In a world where music streaming apps have become the go-to platform for many music lovers out there, still, a lot of people continue to tune into the radio and just let the DJ run their playlist. The big problem, unlike its music streaming cousin, is that listening to the radio can be quite a pain. Oftentimes, music is interrupted between songs for traffic updates (even though your Waze or other navigation app is already open), commercial after commercial (even though you pay premium for a music app), news broadcasts (despite having 24-hour news updates blinking on your phone), and of course it’s hard to ignore the sometimes annoying DJs running their mouths instead of playing tunes. So, an Israeli developer decided that he wants to enjoy both worlds, and create a smart playlist.
Listening to radio playlists on Spotify, without turning on the radio
“I really love listening to music on the radio, but between the annoying broadcasters, news updates, traffic, and commercials, listening to the radio has become more of a nuisance, ruining all the musical fun,” explains Yaniv Lerman, a 32-year-old back end software engineer at Chegg. Lerman decided to put his skills to use, and develop an app that allows him to enjoy the radio without all the aforementioned annoyances.
Lerman created Live Playlists, an app that samples songs from radio stations, identifies the song, locates it in Spotify’s database, and adds it to a dynamic playlist. “This is how I create playlists that are updated based on what’s playing on the radio at a given time, enabling a radio-like listening experience but without interruptions, and complete playlist management abilities.” Currently, the service is available for Israeli and British radio listeners - Radio Virgin and Capital Radio.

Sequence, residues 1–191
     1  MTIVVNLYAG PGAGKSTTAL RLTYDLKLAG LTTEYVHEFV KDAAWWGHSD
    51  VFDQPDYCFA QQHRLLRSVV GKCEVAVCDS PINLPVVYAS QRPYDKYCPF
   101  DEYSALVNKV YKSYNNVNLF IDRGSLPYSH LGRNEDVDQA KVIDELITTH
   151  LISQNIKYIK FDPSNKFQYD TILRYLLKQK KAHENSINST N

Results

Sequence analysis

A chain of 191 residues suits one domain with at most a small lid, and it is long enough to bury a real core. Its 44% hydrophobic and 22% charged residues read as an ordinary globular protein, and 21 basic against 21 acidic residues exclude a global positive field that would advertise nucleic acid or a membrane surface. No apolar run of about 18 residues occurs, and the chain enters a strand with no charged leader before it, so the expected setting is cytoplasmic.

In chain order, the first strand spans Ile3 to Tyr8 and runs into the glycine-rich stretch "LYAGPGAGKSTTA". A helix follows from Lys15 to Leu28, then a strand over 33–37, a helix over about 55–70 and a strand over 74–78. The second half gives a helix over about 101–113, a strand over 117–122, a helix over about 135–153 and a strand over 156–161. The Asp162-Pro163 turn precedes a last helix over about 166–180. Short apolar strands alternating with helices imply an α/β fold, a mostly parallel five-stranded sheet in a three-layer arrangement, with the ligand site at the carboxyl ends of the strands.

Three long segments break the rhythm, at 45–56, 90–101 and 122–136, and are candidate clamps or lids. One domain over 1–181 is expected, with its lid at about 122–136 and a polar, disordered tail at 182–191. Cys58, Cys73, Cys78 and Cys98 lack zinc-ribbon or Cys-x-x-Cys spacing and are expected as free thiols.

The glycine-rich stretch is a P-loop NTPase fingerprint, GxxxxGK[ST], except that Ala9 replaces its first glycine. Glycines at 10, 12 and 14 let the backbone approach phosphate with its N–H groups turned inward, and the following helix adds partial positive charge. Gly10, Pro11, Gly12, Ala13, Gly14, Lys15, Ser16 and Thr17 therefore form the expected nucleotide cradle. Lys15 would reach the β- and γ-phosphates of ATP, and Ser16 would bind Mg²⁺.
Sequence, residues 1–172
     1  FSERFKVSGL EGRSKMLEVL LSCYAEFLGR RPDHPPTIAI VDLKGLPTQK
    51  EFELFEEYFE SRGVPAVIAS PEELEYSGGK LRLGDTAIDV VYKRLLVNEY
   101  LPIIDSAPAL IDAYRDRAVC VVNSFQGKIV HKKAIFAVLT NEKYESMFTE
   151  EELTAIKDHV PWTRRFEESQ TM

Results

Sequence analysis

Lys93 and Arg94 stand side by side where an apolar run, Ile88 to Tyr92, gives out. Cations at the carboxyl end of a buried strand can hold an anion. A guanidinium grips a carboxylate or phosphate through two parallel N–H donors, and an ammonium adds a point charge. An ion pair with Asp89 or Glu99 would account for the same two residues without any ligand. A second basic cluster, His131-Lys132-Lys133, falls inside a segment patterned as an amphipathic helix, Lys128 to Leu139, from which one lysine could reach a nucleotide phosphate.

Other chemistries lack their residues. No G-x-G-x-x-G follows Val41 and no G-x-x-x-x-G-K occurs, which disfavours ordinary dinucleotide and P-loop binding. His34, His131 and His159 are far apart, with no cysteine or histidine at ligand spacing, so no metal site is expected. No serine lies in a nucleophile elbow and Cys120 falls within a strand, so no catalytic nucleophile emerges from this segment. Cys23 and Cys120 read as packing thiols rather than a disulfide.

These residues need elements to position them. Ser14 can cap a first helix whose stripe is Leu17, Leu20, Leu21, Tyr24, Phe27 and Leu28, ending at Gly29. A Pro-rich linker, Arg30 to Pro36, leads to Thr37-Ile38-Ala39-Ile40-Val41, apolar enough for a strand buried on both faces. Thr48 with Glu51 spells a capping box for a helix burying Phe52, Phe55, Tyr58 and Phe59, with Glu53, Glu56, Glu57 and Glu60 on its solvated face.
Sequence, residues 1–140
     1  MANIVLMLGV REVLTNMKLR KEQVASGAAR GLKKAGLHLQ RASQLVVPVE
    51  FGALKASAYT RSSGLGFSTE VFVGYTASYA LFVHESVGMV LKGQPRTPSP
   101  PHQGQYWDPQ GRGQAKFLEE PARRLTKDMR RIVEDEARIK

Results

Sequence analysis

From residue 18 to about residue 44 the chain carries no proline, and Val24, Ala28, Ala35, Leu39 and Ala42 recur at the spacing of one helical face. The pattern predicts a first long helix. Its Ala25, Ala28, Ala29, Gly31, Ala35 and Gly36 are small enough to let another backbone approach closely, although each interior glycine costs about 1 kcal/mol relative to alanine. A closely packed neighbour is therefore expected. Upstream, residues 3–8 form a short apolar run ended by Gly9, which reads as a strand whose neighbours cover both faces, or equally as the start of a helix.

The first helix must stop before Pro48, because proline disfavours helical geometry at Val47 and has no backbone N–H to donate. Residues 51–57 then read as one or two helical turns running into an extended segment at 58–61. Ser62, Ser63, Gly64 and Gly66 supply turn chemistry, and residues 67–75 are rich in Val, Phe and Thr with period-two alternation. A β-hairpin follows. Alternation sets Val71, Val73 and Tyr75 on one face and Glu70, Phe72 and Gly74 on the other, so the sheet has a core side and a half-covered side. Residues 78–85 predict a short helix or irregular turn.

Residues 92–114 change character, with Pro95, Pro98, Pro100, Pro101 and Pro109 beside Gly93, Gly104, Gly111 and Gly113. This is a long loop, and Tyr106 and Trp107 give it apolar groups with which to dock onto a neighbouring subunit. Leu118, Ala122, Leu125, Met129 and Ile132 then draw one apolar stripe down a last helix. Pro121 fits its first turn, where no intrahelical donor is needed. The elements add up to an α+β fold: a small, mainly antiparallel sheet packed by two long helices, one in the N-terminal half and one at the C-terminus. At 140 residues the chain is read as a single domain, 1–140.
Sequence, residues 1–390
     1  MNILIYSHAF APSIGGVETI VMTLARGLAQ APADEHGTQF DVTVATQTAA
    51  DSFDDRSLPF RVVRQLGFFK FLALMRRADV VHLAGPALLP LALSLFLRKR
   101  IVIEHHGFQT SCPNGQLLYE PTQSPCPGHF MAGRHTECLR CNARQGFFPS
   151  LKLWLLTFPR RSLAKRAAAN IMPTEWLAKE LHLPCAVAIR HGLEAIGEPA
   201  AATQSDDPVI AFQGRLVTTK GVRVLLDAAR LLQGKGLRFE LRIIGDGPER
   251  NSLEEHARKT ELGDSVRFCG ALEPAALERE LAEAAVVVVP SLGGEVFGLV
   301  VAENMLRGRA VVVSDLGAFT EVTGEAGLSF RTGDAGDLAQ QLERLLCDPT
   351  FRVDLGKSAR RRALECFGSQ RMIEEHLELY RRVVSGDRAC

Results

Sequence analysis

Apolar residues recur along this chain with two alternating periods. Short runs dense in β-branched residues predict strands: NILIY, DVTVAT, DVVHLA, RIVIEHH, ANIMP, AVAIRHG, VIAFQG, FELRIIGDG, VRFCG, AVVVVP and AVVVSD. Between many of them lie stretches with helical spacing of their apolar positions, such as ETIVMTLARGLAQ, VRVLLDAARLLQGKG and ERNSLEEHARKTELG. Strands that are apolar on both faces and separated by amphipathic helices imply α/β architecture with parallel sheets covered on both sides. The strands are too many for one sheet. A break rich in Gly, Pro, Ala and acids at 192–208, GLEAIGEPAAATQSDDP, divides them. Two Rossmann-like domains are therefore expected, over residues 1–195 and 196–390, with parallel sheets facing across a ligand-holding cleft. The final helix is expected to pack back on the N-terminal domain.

“The first development that operated cleanly from end-to-end took something like two weeks,” tells Lerman. “The app itself is written in NodeJS and rests on Amazon’s EC2 machine… Basically, the app preforms HTTP reading for music played on the radio, samples 5 seconds from a song and identifies it.” The song identification is done through AcrCloud and AudD, and these services often offer direct link to Spotify, saving Lerman valuable time of searching and matching different songs.
However, not all of these services provide a the necessary link. “This is the big challenge,” admits Lerman. Spotify’s API demands the exact name of the artist and song, which is easy for English titles, but becomes more challenging when dealing with songs in different languages - like in Hebrew - where the song could be spelled out in English letters or fully translated, causing more than enough confusion for current user searches of non-English songs.
“Over time I exported many logs, realizing that I’m missing a lot of songs. In order to overcome this challenge, I searched for a way to create all the possible combinations, when given a song and artist.” For this to work, Lerman turned to Google Translate, Deezer, Discogs, and Musixmatch to collect all the different variations of song titles. “Once I utilized this method, I rechecked the app’s stats and found that it can now identify 99% of the song titles.”
I tested the service in real-time, and yep the playlist is update almost immediately, maybe a few seconds after the song started playing on the radio. Although, I also encountered instances when a song wasn’t uploaded to the playlist for unknown reasons. So, it’s not what I would call perfect, but still works great.
Already receiving interest
“I wasn’t really planning on putting the app out there. At first I did it for myself, but it caught on really fast… and people started messaging me and even calling!”, notes Lerman, who also says that even one Israel’s most prominent radio stations called and offered Lerman to move the app onto the station’s servers, as well as to transfer the playlists into the station’s Spotify account. “I preferred to decline,” claims Lerman.
Lerman developed the app on his own free time and started a webpage to ask for donations to keep the servers maintained. Furthermore, he also started a Facebook page so that users can request new radio stations, and he does his best to add stations based on the requests of people who donated over $60 for server maintenance. Next, based on request, Lerman will look into creating automated playlists for Deezer.